Posted on 04th October 2018 by Media Relations
When I think about what it means to be a keeper, what thoughts does it evoke? At first, there is the obvious one…passion. Keepers are deeply passionate about their profession and the animals they care for. But if we take a moment to peel back the layers, we find that there is much more to these individuals than first meets the eye.
Other thoughts such a dedicated, empathetic, nurturing, studious and multi-skilled jump to mind. These comfortably rest alongside quirky, diverse, spirited and unique.
If we all zoom out for just a minute, it’s easy to acknowledge that without zoo keepers, there is no zoo. This extraordinary cohort is the glue that binds the entire operation together. Zoo keeping is a fluid career, one that grows from a solid foundation of basic fundamentals and understanding what it is that we need to provide in order for the animals in our care to live happy and healthy lives. From this, many branches shoot off in a range of different directions and thus, zoo keepers really do become the ultimate ‘jack of all trades’.
During the course of any given week, a keeper may well indeed be required to contribute to a vast array of different elements of daily zoological operations. These may include, but certainly are not limited to: presentations, media, record keeping, exhibit design, construction, maintenance, cleaning, project management, teaching, mobile exhibiting, triage, vet nursing, first aid, behavioural biology, animal training, diving, horticulture, landscaping and rehabilitation…but to name just a few.
Zoo keepers also provide a vital cog in the global effort to conserve our planet and its species. Whether it’s the keeper delivering an educational talk in a small wildlife park, to an aquarist informing guests on the threat of plastics, to those that devote their personal time and energy to in-situ efforts all over the world. By the very nature of the role, zoo keepers acquire skills and knowledge that are so unique, they often provide the missing link to stagnating conservation projects and recovery programs.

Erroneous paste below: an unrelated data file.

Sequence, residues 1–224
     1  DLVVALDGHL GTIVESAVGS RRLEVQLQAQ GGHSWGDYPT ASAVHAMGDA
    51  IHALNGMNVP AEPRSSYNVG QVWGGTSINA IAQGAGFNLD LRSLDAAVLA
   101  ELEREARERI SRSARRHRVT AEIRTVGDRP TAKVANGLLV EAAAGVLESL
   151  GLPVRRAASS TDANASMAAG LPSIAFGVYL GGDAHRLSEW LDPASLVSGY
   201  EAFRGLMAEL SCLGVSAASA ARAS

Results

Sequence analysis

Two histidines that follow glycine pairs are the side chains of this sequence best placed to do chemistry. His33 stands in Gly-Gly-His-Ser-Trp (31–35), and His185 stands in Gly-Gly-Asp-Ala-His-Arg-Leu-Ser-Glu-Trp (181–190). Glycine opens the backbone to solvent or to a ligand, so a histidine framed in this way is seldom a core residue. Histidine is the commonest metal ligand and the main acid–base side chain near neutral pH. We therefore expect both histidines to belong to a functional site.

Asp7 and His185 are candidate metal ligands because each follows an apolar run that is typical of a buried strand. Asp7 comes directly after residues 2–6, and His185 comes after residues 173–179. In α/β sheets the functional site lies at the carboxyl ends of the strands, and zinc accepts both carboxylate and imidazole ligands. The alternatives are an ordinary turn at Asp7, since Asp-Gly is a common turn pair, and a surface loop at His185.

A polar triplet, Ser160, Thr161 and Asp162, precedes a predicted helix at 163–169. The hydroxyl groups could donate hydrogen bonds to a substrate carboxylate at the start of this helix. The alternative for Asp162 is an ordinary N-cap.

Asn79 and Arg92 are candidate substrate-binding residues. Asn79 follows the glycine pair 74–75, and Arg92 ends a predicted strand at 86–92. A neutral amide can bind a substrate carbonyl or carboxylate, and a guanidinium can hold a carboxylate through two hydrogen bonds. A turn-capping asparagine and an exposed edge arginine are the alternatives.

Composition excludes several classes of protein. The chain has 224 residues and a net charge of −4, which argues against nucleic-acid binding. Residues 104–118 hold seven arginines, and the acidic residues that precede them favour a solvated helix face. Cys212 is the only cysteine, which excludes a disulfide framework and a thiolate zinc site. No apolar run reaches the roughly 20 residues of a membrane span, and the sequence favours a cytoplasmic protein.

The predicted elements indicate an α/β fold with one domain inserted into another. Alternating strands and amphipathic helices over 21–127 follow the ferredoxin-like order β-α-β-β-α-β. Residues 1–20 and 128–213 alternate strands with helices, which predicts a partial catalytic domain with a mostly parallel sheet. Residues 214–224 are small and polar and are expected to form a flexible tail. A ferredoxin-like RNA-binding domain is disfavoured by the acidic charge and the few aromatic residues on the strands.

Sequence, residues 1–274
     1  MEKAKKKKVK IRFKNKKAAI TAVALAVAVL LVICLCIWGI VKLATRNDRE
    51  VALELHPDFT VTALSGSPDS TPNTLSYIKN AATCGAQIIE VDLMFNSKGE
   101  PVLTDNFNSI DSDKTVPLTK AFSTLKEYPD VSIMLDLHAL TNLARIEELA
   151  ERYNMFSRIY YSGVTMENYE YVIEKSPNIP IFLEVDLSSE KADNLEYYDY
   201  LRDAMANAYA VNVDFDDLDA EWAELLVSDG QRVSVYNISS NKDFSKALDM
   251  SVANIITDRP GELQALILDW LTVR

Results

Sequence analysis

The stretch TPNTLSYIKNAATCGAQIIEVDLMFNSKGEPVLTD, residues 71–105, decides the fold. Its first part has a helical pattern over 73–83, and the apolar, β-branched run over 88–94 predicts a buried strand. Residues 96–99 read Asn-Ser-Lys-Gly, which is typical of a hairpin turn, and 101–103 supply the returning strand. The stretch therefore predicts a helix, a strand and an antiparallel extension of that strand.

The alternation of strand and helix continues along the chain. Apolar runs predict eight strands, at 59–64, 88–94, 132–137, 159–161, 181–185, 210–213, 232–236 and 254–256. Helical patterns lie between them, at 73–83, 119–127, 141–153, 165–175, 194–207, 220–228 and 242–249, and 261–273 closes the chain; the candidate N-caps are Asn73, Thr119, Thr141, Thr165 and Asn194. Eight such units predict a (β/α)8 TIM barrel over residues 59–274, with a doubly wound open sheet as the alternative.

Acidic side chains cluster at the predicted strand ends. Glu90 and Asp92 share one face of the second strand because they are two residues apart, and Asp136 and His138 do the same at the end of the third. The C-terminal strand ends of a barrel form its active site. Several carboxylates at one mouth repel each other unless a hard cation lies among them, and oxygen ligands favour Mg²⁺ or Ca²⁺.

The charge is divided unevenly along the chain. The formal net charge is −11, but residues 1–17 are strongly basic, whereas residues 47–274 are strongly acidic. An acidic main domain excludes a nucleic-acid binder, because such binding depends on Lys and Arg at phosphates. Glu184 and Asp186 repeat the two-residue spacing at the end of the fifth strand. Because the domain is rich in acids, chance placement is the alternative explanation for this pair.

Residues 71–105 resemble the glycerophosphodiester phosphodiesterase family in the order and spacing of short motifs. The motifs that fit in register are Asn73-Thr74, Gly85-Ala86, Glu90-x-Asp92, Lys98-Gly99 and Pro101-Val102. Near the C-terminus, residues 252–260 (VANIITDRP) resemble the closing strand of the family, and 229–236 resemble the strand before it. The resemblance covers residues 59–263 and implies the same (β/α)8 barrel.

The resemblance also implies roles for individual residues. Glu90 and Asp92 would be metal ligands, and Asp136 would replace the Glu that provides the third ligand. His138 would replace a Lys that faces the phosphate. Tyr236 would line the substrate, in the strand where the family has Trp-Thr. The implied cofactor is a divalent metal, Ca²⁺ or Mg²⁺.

October 4 is International Zookeeper Day and is proudly sponsored by the International Congress of Zoo Keepers (ICZ), which is a conglomerate of the world’s zoo keeping associations. This day was first chosen by the staff of Barcelona Zoo, given it is also celebrated worldwide as the Feast of Saint Francis of Assisi. He is known as the patron saint of animals and the environment, and, since 1979, the Patron Saint of Ecology. He preached that it is the duty of men to protect and enjoy nature. Many of the stories that surround the life of St. Francis say that he had a great love for animals and the environment.
Today is a day for celebrating and acknowledging the incredible contribution of keepers throughout the world. On behalf of Taronga, I’d like to thank the dedicated teams at both our zoos for their tireless efforts and commitment to animals and our environment.
Mike Drinkwater, President of the Australasian Society of Zookeeping